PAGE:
They then dipped into the bands back catalogue to take us all down to The Medicine show once more and just the first few notes was enough to get a big cheer from the packed Monday night audience that treated it like the old friend this song is and suddenly lots of old blokes were singing along.
Armed With An Empty Gun had more than enough new life breathed into it and it still seems a totally relevant song and well Dennis Duck does a great job of making us feel his rim shots could be bullets fired from said empty gun while the singing around me seemed to get louder. They kept with the gun theme for Bullet Holes from These Times that has enough paranoia in the lyrics to make Steve sound like one of the local junkies spouting off at a mile a minute about what he's seen and to claim some of the shrapnel scars on local buildings are actually bullet Holes rather than reminders of world war 2.
They kept with the new album for Recovery Mode that seems quite an apt song in an area that has recovered as much as Kings Cross has after it's years of despair when it would have been almost impossible to walk the 100 yards from the station to the venue without being offered some drugs or sex but now in this lovely cleaned up venue Recovery Mode sounds a fantastic mode to be in.
Chris Cacavas then left the stage as Mark Walton led the band into When You Smile and that wonderful bass line just got everyone smiling again but not as much as Halloween did damn it sounded near perfect and thankfully at the right time of year.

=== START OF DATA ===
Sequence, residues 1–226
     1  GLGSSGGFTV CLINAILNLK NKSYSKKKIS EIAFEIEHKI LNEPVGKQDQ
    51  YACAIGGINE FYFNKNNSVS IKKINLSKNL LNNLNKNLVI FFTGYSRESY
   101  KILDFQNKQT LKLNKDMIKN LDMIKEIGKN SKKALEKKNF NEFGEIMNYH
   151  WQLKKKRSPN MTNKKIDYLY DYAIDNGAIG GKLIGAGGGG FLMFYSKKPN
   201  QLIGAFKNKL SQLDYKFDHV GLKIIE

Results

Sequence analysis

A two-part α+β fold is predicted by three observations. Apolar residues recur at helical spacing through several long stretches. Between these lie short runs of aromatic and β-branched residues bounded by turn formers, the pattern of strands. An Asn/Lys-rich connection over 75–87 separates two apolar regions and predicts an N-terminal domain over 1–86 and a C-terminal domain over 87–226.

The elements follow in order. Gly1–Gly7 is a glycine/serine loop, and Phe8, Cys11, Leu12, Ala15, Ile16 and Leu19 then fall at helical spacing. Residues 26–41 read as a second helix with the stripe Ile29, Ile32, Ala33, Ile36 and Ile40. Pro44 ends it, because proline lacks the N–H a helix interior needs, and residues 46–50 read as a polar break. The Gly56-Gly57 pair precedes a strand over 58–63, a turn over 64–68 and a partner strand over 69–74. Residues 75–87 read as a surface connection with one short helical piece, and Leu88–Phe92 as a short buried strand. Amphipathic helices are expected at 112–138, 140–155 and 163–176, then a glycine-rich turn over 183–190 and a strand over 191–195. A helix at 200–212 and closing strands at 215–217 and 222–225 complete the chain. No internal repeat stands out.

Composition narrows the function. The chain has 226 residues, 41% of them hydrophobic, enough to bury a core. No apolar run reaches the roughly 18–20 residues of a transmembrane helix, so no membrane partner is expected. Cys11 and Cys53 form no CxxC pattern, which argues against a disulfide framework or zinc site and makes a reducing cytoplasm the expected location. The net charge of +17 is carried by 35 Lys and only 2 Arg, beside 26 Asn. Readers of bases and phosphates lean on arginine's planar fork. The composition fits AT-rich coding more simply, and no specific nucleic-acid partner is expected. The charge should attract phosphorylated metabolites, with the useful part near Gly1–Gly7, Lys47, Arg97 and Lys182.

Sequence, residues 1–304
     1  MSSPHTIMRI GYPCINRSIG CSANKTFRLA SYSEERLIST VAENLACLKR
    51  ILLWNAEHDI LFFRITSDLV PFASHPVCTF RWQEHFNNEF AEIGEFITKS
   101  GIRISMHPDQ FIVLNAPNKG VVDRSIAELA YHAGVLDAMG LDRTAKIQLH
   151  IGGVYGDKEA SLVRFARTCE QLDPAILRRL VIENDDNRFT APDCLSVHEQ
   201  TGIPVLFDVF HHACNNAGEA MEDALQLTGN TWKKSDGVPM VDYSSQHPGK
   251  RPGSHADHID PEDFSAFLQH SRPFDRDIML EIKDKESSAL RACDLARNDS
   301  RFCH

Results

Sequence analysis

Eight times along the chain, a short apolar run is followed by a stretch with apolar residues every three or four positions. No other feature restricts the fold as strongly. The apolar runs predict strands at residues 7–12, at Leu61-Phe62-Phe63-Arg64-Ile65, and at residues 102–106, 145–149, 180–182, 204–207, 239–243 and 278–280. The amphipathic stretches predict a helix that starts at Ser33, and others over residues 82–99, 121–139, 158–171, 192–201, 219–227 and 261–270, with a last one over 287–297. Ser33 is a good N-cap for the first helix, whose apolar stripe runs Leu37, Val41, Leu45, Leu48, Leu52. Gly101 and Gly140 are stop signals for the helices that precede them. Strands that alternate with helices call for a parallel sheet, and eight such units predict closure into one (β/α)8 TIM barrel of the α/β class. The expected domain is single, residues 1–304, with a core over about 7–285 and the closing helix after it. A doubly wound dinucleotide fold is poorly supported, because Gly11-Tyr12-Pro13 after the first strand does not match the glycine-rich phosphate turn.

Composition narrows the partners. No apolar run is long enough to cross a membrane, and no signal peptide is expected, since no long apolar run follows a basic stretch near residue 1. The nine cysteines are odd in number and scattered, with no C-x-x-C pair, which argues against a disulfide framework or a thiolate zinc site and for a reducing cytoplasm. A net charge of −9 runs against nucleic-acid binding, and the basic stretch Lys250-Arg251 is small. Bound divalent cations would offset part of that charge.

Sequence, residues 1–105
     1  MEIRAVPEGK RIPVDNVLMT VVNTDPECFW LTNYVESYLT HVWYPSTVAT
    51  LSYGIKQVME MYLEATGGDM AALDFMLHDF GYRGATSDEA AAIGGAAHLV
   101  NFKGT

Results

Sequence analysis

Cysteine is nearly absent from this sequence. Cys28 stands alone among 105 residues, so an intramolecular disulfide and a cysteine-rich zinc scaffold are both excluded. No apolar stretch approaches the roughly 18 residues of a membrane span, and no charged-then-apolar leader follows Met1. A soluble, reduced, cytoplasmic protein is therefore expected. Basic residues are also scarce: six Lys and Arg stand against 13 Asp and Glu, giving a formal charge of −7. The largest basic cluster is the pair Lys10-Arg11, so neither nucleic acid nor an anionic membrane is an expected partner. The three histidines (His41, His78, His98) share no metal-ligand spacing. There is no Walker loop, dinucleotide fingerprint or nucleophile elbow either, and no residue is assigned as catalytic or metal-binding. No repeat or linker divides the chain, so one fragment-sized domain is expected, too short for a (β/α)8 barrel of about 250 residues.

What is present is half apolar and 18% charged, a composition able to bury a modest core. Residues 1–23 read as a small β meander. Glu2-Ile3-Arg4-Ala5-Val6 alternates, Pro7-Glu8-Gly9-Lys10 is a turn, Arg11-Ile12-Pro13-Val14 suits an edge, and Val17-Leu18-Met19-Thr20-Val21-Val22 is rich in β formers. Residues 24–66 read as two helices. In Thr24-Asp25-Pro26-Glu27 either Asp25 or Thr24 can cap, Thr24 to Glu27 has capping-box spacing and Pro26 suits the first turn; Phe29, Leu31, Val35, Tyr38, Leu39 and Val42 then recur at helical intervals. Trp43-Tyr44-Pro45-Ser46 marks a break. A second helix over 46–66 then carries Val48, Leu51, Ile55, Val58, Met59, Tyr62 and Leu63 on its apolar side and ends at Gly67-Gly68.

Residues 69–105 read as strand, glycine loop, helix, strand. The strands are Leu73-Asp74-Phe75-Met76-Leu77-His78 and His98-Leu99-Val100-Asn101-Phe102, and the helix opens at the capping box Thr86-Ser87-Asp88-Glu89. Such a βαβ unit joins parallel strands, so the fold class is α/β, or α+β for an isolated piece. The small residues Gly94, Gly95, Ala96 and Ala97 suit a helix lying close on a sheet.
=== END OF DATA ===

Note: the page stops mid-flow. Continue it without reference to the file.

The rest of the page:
They got properly frantic on That's What You Always say with Steve taking the main guitar solo rather than Jason and damn what a solo to make us all very happy indeed as soon enough it was time for The Days Of Wine And Roses once more to explode into our minds and make sure most of us sang along to it.
Chris Cacavas then slipped back behind his keyboards twiddled a few effects pedals and they launched into the set closing Glide as Steve kept telling us he may never get higher it was easy to believe with how much this set had lifted everyone up enough to almost forget what's going on in this old world of ours and it was a great way to close a great set.
Of course they got more than enough cheering to come back for an encore that they opened with one of the three songs they have on the 3X4 album of cover versions of classic paisley Underground songs by paisley underground bands in this case The Bangles Hero Takes A fall that they play without Chris Cacavas and damn it sounded great.
Chris came back on to add his keys to Still Here Now and well of course they are and everybody in the Scala was most thankful that they have returned in such fine form. The Side I'll Never Show might not have been the song I was shouting for, but it was a damn near perfect pick and sounded great nice and mellow but still sounded great.
They then closed the encore and night with a great version of Merritville a song I normally think about when driving past the medical centre named after it in deepest south London on the way to Gatwick Airport and where the band was headed after this show. But the song still sounds great after all these years and the only real question this set left anyone was when will they come back and play some songs from Out Of The Grey, we may have to wait a couple of years for that. At the end of this set most of us would have gladly chanted for another encore. As ever with The Dream Syndicate go and see them live if they get within a 100 miles of you.